T he Wetnose Animal Rescue Centre (WNARC) is a no-kill shelter, one of the very few such shelters in South Africa. Around June 2000,during the attacks on Zimbabwean farmers by so-called war veterans, when farmers had to abandon their burning homes in a hurry, in some cases having to leave their pets behind, there were very disturbing scenes on local television of Zimbabwean farmers ’dogs enduring cruel torture at the hands of the insurgents. (CNN also recently described cases of dogs being hung from farm gates, ponies having their hooves cut off, cows being left unmilked and cows and sheep being hamstrung, all to discourage farmers from returning to their properties). The Wetnose Animal Rescue Centre had been concerned about the fate of the animals in Zimbabwe from the start and when these television shots were screened, Elmine van der Merwe, the vice-President, immediately set about seeing what could be done about rescuing these animals. Now Elmine, a true animal lover, belongs to that rare breed of souls who, while being in full-time employment elsewhere, spends her evenings and week-ends working voluntarily for the Centre. No salaries or overseas trips as perks in return. Nor is Elmine involved in the politics so much in evidence among some animal welfare groups and so it came as a surprise to her that, once Wetnose started the ball rolling to get the animals out of Zimbabwe, the NSPCA suddenly became ‘involved ’and not only did everything in their power to destroy Wetnose ’s initiative, but did a character assassination job on Elmine in the process. But Tracy Forte, the President and Founder of Wetnose, was fortunately made of sterner stuff and worked day and night to obtain the necessary permits to bring the animals into South Africa, only to have the NSPCA trying to stymie their attempts at every turn. When that attempt failed, the NSPCA attacked Wetnose with apparently trumped-up charges about ‘having raised funds on behalf of the ZNSPCA ’in order to milk money from an unsuspecting public. The fact that Wetnose had opened an account in the name of the Wetnose Zimbabwe Animal Rescue Fund did not assuage the ferocious attack on Wetnose by the NSPCA who promptly went on the internet slamming Wetnose and asking that these monies should not go to Wetnose but to the NSPCA/ZNSPCA. Apparently the NSPCA also referred to the WNARC as ‘animal traders ’and spread the rumour that the WNARC was not even a registered organisation (they were in fact registered as a Section 21 -non-profit-organisation and promptly had their books audited by an independent auditor who found every- thing in order). The Snout has seen a letter dated the 11th June 2000, signed by Nadia Marabini, Chair of the Harare SPCA, and copied to Marcelle French, Executive Director of the NSPCA as well as to Meryl Harrison and Brian Nel of the ZNSPCA. In this letter, addressed to Ms Tracy Forte, president of the Wetnose Animal Rescue Centre, Ms. Marabini states: ‘I am sure our National Chairman and National Coordinator will join me in thanking the Wetnose Animal Rescue for the $16 000 odd deposited into Nationals Bank account relating to the plight of Zimbabwean pets.’ So it is difficult to understand how they can say that they never received any of the money. Furthermore, Wetnose was instrumental in arranging for the IFAW to pay in a further donation directly into the ZNSPCA ’s Harare account. Ms Marabini continued her letter by saying: ‘There are many people who are leaving our country and are in a quandary as to what to do with their pets. They know only too well that the amount of ‘good, kind and loving’ homes is rapidly diminishing and do not cherish the prospect of their pets sitting in some SPCA somewhere waiting to be rehomed -or PTS (put to sleep). Many people have already euthanased their pets and it has been heartbreaking for them to do so. Your organisation has come along and offered to uplift Zimbabwean pets to homes in South Africa. To many people, this is a preferred option to a lethal injection -and let ’s face it -they have the right to choose. I adhere to the stand taken by the National Council of SPCA ’s in South Africa and the ZNSPCA in Zimbabwe -the Harare SPCA will not be rehoming SPCA animals to your organisation -like the Wetnose policy, we are responsible for our animals ’lives up to the time of their death. Private negotiations between yourselves and members of the Zimbabwean public is quite out of our hands and the public have the legal right to do with their animals whatever they wish.’ But these facts were not publicly advertised by the NSPCA during their slanderous attacks on the WNARC. Nor did they advertise the sad fact that the WNARC did not hand over to the ZNSPCA/NSPCA all the monies raised, in view of their having received proof of serious allegations against the ZNSPCA regarding the whereabouts of funds which were under the control of the former National Chairman of the ZNSPCA, a certain Mr. Ian Redman. Also, Wetnose them- selves needed the money to fund their rescue operation. In last year ’s upliftment operation Wetnose brought in 59 dogs and 9 cats, all successfully rehomed. To date this year they have carried out 5 rescue flights and two trips to the border. In total this year 25 dogs and 2 cats arrived on the flights and Wetnose received from the farmers, once over the border post, another 32 dogs and 14 cats, thus totalling 57 dogs and 16 cats. There are another 15 dogs awaiting their next rescue flight from Zimbabwe. Some animals, with Wetnose ’s assistance, were brought through by the farmers themselves and left in Wetnose ’s care. At the very time when the WNARC was in Zimbabwe travelling from farm to farm with no regard to their personal safety in order to bring back traumatised animals to South Africa, Mss. French and Harrison of the NSPCA were away on another overseas trip. This obsession about the donations sent to the Wetnose Zimbabwean Animal Rescue Fund again surfaced when the NSPCA, in the April-June 2001 edition of their national newsletter Animals in Focus, put out a defamatory article under the heading ‘Fundraising - don’t be fooled.’ They suggested that all donations towards the Zimbabwe animal rescue should rather be made to the SPCA ’s.Of course. It is difficult to understand the NSPCA ’s continued persecution of Wetnose and their seeming lack of cooperation with smaller organisations who do not have the public funds to spend on lawyers ’fees in order to clear their names. The SPCA is not the only organisation working to help abandoned ‘dogs of war ’and helping these animals is not the exclusive domain of the SPCA. The WNARC was perfectly within its rights to initiate its own campaign together with the ZNSPCA or NSPCA or independently. There are many good people doing good work at the various SPCA ’s and it is a pity that this fact should be marred by the mean spirited petty mindedness which appears to obtain at the NSPCA. If this sort of behaviour is condoned by the entire NSPCA board, then they have some serious fence mending to do. If it is mainly the result of the actions of one or two individuals who have become a law unto themselves, then perhaps the NSPCA should put on the brakes.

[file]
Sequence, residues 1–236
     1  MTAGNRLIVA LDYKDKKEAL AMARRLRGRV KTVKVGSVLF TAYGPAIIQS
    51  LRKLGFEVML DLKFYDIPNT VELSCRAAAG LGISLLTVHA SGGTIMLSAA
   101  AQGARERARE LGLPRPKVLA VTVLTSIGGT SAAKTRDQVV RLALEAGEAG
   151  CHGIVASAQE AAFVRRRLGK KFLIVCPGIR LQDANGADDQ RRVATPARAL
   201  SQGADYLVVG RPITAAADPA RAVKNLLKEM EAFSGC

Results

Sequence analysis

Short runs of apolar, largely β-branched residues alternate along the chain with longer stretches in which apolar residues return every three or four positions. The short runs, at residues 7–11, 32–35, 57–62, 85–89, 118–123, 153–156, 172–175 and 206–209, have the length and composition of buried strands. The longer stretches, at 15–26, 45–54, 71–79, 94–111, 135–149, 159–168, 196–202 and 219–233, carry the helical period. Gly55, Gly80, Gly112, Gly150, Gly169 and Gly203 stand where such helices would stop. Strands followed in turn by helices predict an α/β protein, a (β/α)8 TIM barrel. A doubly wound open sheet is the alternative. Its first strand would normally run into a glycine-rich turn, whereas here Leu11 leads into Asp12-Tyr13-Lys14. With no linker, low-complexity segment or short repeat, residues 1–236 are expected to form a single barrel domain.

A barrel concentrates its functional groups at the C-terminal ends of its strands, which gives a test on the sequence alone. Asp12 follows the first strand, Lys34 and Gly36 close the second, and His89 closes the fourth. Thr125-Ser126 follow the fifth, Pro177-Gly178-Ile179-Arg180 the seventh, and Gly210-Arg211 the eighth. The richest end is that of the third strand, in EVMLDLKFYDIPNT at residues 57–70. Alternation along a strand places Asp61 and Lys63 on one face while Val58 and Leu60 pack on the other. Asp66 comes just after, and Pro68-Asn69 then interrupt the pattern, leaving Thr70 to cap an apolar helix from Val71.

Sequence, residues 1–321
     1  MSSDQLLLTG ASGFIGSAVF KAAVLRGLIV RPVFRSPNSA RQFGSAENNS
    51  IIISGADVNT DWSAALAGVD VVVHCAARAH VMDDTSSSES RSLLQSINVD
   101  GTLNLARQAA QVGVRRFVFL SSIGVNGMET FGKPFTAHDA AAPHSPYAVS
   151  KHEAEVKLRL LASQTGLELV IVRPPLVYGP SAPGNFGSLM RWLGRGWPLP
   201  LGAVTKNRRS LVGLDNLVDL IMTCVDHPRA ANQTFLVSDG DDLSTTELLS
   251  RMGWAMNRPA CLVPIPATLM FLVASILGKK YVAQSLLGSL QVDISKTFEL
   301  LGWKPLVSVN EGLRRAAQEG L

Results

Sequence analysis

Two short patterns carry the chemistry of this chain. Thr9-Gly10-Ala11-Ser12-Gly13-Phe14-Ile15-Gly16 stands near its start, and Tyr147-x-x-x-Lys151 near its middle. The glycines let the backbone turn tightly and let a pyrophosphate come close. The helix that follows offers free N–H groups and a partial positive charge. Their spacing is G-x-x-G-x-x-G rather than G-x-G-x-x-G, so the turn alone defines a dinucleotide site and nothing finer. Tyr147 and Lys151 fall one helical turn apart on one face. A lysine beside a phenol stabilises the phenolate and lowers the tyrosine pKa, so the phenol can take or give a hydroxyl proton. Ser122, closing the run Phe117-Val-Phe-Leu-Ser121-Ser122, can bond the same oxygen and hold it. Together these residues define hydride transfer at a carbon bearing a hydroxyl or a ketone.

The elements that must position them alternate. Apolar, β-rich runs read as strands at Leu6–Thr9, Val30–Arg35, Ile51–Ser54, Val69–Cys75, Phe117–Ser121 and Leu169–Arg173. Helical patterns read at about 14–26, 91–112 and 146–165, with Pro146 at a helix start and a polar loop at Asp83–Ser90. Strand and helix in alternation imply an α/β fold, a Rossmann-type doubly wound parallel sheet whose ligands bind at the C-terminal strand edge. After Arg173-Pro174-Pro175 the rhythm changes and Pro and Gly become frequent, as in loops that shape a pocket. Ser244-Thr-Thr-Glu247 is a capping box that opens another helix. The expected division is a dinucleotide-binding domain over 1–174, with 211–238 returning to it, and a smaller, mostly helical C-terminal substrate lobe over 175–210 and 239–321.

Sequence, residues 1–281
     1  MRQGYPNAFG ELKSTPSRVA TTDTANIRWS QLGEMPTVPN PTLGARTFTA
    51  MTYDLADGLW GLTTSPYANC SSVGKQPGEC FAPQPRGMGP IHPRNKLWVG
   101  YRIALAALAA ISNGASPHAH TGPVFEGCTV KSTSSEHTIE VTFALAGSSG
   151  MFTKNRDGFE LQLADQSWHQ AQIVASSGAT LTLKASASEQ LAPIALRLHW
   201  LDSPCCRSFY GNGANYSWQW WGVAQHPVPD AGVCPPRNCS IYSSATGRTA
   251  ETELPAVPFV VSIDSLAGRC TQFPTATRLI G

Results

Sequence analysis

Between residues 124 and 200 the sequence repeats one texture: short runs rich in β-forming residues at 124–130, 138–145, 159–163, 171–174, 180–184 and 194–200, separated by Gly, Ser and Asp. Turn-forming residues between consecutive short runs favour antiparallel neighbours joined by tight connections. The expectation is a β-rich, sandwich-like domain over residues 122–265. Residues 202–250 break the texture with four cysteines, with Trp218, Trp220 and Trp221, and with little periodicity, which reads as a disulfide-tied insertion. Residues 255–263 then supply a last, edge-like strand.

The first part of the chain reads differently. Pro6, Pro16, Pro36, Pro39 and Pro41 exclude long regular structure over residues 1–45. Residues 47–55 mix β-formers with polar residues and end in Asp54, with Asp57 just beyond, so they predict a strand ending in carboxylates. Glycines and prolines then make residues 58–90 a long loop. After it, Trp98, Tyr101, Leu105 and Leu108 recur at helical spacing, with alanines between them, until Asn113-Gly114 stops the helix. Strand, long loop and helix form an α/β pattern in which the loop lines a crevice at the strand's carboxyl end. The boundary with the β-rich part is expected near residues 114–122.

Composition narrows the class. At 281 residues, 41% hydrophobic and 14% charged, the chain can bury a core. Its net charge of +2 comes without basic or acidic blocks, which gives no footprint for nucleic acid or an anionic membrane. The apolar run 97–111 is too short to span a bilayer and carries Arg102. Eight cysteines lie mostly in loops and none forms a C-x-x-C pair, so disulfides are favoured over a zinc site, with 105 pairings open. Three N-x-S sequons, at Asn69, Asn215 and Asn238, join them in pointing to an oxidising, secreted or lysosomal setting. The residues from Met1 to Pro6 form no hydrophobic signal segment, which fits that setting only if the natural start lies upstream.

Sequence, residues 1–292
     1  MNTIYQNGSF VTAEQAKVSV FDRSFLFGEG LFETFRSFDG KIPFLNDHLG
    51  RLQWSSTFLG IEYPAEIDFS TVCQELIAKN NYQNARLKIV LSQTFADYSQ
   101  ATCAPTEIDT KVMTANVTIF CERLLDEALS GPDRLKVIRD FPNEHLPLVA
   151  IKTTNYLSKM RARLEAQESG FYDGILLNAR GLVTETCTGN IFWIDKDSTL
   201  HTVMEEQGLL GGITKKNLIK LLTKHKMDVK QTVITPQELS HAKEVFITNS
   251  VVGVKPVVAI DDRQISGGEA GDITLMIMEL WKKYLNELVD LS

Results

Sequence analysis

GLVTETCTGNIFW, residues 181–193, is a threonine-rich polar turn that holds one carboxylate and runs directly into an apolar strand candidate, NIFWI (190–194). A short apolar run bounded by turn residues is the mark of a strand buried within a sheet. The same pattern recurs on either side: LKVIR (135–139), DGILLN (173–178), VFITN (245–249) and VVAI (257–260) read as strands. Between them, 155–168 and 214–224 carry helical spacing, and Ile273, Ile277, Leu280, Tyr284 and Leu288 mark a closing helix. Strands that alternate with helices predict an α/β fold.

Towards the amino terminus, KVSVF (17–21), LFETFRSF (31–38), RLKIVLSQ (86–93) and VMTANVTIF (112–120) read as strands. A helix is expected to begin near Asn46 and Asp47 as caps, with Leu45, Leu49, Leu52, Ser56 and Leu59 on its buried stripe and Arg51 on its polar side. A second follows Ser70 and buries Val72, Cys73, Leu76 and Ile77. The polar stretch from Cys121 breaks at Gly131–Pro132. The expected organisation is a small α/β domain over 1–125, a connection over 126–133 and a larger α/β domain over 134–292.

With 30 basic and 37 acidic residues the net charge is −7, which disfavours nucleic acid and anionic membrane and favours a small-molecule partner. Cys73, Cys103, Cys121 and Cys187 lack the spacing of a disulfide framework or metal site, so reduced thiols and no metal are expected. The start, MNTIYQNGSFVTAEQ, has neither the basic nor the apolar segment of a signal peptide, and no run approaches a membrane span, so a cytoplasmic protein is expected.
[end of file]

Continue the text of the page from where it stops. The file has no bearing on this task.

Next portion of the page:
In 1990 the mysterious Centre Africaine Primatologie Experimentale (CAPE) in Hazyview, came to the public ’s attention when the SPCA discovered that the centre had been abandoned by its French masters, leaving wild - caught baboons to starve to death in cages. The SPCA euthanased 122 baboons. In May 2000 this controversial centre with links to the military was once more closed down after the NSPCA found 30 primates in various stages of emaciation. Some of the baboons were at less than 50%of their normal body weight. The baboons which had allegedly been caught in the wild in the Northern Province, had existed on a diet of 6 bananas a day. A showdown loomed between the NSPCA and other organisations such as SAAV, the Wildlife Action Group (WAG) and the Centre for Animal Rehabilitation and Education (CARE) an established baboon rehabilitation centre in the Northern Province, when seven of the 30 baboons were euthanased with the sanction of the NSPCA without first calling in a baboon expert and exploring other alternatives. Efforts to have the baboons relocated to CARE ’s facility near Phalaborwa were stymied by the NSPCA on the grounds that the facilities at CARE were not adequate for ‘permanent housing ’.CARE pointed out that the NSPCA must have been well aware that CARE did not aim to house the baboons on a permanent basis but their policy was to release the baboons back into the wild. CARE furthermore felt that it was incongruous and counterproductive for the NSPCA to make comments about the facilities at CARE (an organisation dedicated to the welfare and protection of baboons) on the one hand, while on the other, the NSPCA itself, by participating in self- styled ethics committees, endorsed conditions in laboratories where baboons were forced to endure psychological and physical trauma and were placed in small cages, often only lm x lm. CARE was informed on 2 October 2000 by Mrs. Ketane, the control prosecutor for the Mhala magistrate ’s court that Mr. Neil Fraser of the NSPCA had requested the previous week that he be allowed to ‘euthanase ’the baboons at CAPE or, that the State provide funds for their upkeep. Miss Ketane reported that she had told Mr. Fraser that no funds were available from the State, and that the animals could not be euthanased prior to the hearing. CARE was rather puzzled that the presumably cash-strapped NSPCA was nevertheless able to find the funds to fly two ‘experts ’to the Northern Province despite the fact that the director of CARE, Mrs. Miljo, was deemed suitably qualified by the NSPCA to assess the physical and mental condition and behaviour of the animals, and make recommendations for their rehabilitation. Indeed, in a press release dated 14th September the NSPCA referred to Mrs. Miljo as (a) professional and quoted from her report. Eventually, after a court interdict obtained by CARE the baboons were released into CARE ’s custody. It was felt that the baboons could have been spared six months of suffering had the NSPCA not indulged in what was described in an IFAW press release as “shilly shallying.” The baboons were rehabilitated, resocialised and given plenty of food at CARE. Those that were fully recovered were released back into the wild earlier this year while those that remained will be back in the wild before the year is out.